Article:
I woke that morning to the sound of rain on the van roof, and when I looked through the window I saw it was that fine but heavy stuff that wets you in minutes - great, just what I didn't want when I had to pack everything up. I lay for a while debating with myself whether to revert to my original plan and stay until the following day in the hope that it would be fine then, but there was no guarantee and if it wasn't I would still have to leave anyway. It looked like I would be packing up in the wet, so after a short dog walk round the site and a breakfast of cereal, tea and toast I made a start. Transferring everything from the awning into the van meant that I stayed dry for a while; I left the tv aerial until last so it was only when I went out to dismantle it and wind up the co-ax cable that I started getting wet, and by the time I'd taken the awning down I was beginning to look like something the cat had dragged in. The dogs were okay though, they were nice and dry in the back of the van!
Packing the awning away wet didn't really matter for once though as it was being put up again that evening. My original plan had been to drive home from California on Wednesday then go down to Anglesey early Saturday morning for the bank holiday weekend, but because there were only two days between, and to save myself any unnecessary driving, I had decided to leave California a day early and drive straight to Anglesey where I would put up the awning, spend one night then leave it on site as I had done previously with my tent, returning on Friday evening after work. Sounds complicated but there was a method in my madness - the Anglesey site would be very busy over the coming weekend so by going a few days early I had a better chance of getting a decent pitch with a hook-up point.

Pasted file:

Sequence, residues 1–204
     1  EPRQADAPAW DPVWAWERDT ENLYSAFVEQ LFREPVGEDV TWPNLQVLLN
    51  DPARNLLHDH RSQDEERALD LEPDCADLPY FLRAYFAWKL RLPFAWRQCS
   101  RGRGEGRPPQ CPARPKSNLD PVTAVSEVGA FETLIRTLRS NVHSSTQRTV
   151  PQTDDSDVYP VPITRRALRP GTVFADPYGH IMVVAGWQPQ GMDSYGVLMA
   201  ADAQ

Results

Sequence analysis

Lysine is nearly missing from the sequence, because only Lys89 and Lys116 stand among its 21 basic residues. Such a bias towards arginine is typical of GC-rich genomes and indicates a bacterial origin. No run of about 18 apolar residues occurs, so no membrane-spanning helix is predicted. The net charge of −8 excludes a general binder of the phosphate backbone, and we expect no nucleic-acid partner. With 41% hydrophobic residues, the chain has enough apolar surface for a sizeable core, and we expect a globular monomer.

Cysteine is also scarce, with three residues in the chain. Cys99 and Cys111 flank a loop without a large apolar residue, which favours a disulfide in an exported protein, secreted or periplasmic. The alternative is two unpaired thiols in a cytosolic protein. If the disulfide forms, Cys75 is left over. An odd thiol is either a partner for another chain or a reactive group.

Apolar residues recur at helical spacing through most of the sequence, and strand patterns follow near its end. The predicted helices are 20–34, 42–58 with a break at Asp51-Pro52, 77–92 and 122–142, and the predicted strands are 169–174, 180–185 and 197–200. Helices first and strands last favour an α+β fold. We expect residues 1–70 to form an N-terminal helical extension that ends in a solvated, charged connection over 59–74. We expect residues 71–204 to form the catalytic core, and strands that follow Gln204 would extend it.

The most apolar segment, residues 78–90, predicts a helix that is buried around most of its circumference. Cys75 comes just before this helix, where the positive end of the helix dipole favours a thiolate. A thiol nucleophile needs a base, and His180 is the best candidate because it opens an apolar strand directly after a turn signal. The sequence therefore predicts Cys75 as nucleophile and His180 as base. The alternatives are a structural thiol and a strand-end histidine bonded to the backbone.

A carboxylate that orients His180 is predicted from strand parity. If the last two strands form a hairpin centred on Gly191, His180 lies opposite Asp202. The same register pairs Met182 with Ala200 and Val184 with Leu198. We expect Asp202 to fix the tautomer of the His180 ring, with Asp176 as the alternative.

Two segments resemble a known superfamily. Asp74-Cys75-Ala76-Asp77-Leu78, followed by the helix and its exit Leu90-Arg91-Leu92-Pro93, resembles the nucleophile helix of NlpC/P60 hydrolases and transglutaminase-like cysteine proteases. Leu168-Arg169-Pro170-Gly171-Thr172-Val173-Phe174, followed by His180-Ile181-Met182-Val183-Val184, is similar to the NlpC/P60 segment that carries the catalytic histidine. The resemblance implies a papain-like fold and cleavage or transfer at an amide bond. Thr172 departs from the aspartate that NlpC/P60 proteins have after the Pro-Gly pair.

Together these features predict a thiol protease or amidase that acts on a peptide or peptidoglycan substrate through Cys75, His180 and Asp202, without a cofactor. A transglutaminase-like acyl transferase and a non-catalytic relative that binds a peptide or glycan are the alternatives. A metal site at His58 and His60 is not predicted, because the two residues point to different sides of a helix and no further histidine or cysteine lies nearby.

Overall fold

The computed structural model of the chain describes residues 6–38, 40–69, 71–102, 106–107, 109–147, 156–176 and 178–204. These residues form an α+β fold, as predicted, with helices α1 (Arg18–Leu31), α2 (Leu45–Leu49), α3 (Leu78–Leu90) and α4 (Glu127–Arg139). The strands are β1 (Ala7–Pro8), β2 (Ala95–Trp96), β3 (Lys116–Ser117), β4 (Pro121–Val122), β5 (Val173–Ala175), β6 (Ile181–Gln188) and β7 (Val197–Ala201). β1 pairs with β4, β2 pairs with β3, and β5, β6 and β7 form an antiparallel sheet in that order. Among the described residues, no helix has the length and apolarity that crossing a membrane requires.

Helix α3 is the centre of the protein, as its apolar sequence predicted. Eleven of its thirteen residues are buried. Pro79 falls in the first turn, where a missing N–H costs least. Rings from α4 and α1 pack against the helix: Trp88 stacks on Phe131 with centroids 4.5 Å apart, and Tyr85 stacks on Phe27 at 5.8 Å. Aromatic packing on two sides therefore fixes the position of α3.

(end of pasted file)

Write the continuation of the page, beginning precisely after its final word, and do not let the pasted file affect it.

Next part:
I had researched my route with the aid of RAC Routeplanner and my map book and written the directions on a post-it note which I stuck to the dash for reference - Routeplanner had given my journey time as being just slightly over seven hours so I figured out that if I left California at midday I would be at the Anglesey site in plenty of time to put up the awning in the daylight. However, things didn't quite work out like that. My first delay came just as I got back from walking the dogs prior to setting off - the couple I'd been chatting to earlier in the week came to ask me if I would like a brew before I left, and seeing how wet I was offered me the use of their daughter's hairdryer. It seemed churlish to refuse and I was ready for another coffee anyway so I joined them in their awning, but though I was grateful for their hospitality it meant that it was almost 1pm by the time I finally left the site. The rain lasted until I was out of Norfolk and heading through Cambridgeshire then it brightened up and eventually the sun put in an appearance, making things much more pleasant. The drive itself was a bit tedious at times though, especially on one particular road which seemed to be nothing but a series of many roundabouts all within a few hundred yards of each other, and at one point I began to wish I'd never started it. I did have a few short breaks though to walk the dogs and stretch my own legs and those breaks, along with a supply of cds to sing along to, made the long trek across country much more bearable.